This worked out well for me, since I was quite sick with a developing case of bronchitis during the 4 days of camp.  It's just a 20-minute drive from my house to Wallace Ranch (about 15 miles).  Not only is it a blessing to live right here in the beauty of the White Mountains, but it allowed me to go home and sleep in my own bed on the second night of camp and drive into town to see my doctor for an antibiotic prescription! 

One of our girls (pink shirt) tied for first place by balancing 7 Oreos on her face!

The girl on the left is a YCL (Youth Camp Leader) from our ward.
She was also the camp music director.  Here she is leading the girls in a camp song.

Four of our young College of Faith girls enthusiastically join in the singing.

President Jensen, President Shumway, and President Beeler
delight the girls with a skit as mustachioed college professors and an elements of life chart.

On the second night, our stake presidency came out to join the girls.  It was fun to see the less serious side of these wonderful men.  They were quite entertaining!  After their skit, they and their wives shared uplifting messages with the girls.

It wasn't easy to get pictures of the Singing Trees!

After dark following the presentations by the stake presidency, we participated in an inspiring activity called Singing Trees.  Each ward gathered their girls around a tree in the dark.  Then, one by one, each tree was lit up while the girls sang a song to represent their College. 

Our College went first.  Shining our flashlights up into the branches of our tree, we sang a Primary song:
  "Faith is knowing the sun will rise, lighting each new day.
    Faith is knowing the Lord will hear my prayers each time I pray.
    Faith is like a little seed; if planted it will grow.
    Faith is a swelling within my heart.  When I do right, I know.
    Faith is knowing I lived with God before my mortal birth.
    Faith is knowing I can return when my life ends on earth.
    Faith is trust in God above, in Christ who showed the way.
    Faith is strengthened, I feel it grow, whenever I obey."

Then we shut off our lights, and a moment later another tree was lit up and a new song began. It was beautiful.

Our bishopric prepares dinner for our girls.  Left-to-right:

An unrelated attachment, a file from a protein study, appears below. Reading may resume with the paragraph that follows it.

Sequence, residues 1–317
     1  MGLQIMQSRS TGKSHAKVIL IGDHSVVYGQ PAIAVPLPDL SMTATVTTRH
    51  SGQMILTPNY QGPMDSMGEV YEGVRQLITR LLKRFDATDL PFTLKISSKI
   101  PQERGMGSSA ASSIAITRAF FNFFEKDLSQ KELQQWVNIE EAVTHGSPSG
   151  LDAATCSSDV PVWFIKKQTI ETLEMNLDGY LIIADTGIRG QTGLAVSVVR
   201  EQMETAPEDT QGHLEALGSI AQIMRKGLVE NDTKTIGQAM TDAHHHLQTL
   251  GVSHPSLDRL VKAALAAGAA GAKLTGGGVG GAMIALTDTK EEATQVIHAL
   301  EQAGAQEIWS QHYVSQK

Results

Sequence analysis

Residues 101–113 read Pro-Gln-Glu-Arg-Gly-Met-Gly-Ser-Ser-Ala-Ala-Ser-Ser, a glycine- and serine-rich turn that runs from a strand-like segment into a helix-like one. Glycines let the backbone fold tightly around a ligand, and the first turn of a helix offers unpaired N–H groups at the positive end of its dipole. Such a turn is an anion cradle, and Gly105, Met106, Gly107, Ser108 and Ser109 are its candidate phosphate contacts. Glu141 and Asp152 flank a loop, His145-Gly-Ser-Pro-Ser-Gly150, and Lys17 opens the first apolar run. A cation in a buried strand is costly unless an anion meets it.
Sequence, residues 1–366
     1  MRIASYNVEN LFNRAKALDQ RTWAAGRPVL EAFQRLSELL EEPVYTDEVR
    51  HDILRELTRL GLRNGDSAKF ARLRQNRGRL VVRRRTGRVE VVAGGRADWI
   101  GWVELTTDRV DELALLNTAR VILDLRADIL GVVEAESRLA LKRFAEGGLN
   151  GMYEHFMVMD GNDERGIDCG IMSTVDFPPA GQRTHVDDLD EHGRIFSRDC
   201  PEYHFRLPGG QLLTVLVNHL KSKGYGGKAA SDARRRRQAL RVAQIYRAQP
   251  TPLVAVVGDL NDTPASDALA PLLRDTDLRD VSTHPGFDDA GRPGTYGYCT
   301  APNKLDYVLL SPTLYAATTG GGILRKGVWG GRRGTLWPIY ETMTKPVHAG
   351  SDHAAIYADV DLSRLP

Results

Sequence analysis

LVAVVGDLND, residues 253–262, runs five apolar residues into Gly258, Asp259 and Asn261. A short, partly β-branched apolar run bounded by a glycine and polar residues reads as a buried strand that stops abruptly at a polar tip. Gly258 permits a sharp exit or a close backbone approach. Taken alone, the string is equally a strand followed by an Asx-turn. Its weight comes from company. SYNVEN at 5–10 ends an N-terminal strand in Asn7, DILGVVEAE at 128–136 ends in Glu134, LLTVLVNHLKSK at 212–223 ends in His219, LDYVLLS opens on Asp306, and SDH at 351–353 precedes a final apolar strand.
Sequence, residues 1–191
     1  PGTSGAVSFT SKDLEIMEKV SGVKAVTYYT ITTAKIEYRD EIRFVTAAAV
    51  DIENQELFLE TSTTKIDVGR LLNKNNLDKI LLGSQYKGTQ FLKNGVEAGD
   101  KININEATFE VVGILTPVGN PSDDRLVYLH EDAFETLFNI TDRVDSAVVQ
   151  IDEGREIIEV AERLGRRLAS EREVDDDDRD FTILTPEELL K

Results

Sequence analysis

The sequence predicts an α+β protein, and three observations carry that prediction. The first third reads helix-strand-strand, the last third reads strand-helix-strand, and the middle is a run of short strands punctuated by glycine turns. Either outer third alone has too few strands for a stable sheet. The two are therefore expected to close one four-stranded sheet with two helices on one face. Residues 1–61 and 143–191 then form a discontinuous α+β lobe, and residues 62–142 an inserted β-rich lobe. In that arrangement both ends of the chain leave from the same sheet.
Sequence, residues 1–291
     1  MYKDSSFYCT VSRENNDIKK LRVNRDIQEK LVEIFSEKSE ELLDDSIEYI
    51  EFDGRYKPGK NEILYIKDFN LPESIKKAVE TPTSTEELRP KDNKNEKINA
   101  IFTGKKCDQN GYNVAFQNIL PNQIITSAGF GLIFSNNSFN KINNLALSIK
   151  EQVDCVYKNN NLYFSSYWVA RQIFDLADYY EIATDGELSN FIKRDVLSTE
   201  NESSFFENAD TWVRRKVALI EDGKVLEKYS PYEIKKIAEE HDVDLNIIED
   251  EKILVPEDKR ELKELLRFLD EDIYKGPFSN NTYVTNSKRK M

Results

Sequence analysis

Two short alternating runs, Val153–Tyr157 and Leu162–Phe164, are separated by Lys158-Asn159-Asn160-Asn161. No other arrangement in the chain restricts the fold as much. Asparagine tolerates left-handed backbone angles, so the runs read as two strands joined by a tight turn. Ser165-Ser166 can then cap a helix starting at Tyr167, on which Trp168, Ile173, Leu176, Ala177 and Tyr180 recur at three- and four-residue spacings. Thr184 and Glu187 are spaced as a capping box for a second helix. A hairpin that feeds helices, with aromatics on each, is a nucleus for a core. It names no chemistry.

Bishop Trace Wengert, 1st counselor Grant Berges, and 2nd counselor Joshua Hall.

After the stake presidency visit and the Singing Trees, we returned to camp and had our ward devotional, led by our two YCLs.  At that point, I drove home to spend the night in my own bed, but I returned the next afternoon after seeing my doctor.

This third night was the final night of camp, and it was devoted to the individual wards.  Our bishopric and their wives joined us for games and dinner, after which we walked back down to the gathering place to join with all 130 girls for more singing and competitions, including having all seven bishops and the branch president compete in a scripture chase (which, sadly, we did not win).

Until next summer!

Finally, the girls sang the camp theme song, "I Will Live It," for their gathered bishoprics.  It was a lovely end to the last evening of camp.  I'm already looking forward to next year!

Saturday, June 16, 2012

Two Receptions I Missed Tonight

Last summer my daughter Sarah and her husband Chris were married on the same day as another young lady from our church ward, Courtney, and her husband Frank.  They also held their receptions at the exact same times on that same day, July 30th.

Luckily, our many mutual friends seemed to enjoy attending two receptions in the same evening, because both were very well attended.

16 June 2012: Newlyweds Richard and Gina.

Today, history repeated itself when two more young ladies from our ward chose to be married on the same day.  I've been so looking forward to attending their receptions, but unfortunately I have been stricken with an ugly case of bronchitis and I was forced to keep my nasty cough at home instead.

I love Gina's sweet expression during the ring ceremony.

My husband, however, attended both receptions and kindly took pictures for me so I could enjoy both receptions from afar.

Richard and Gina's wedding party.

Both young brides are friends of my daughter Sarah.  Gina married her sweetheart Richard.  As you can tell from their homespun-style reception, they are both of the cowboy/cowgirl persuasion.  Western boots, burlap, and daisies abounded.

Burlap- and daisy-festooned wedding cake.

Candles in large jars lighted the path to the pavilion.

A handcart at the entrance.

16 June 2012: Joshua and Ashley.

The other young bride, Ashley, is quiet and shy, but she's also quirky and artistic.  I fully expected her reception to be a horse of a different color, and I was not disappointed!

I just love the teapot chandelier above their heads!

Ashley's new husband Joshua is British, but he and his family emigrated to New Zealand five or six years ago.  I believe he and Ashley met online, and Joshua will now become a permanent resident in the USA. 

The partially painted roses on the wedding cake provide a clue for the reception's theme.

Ashley's theme was Alice in Wonderland.  The decorations were replete with teapots, playing cards, clocks, red roses, and red hearts.  The refreshments included little cards instructing "Eat me" or "Drink me."  I wasn't there to ask who designed the cake, but I suspect Ashley's touch was involved!

I wish I could have been there to celebrate with both of these young couples, but my best wishes and good thoughts are with them.  May they have an eternity of beautiful memories and love to enjoy!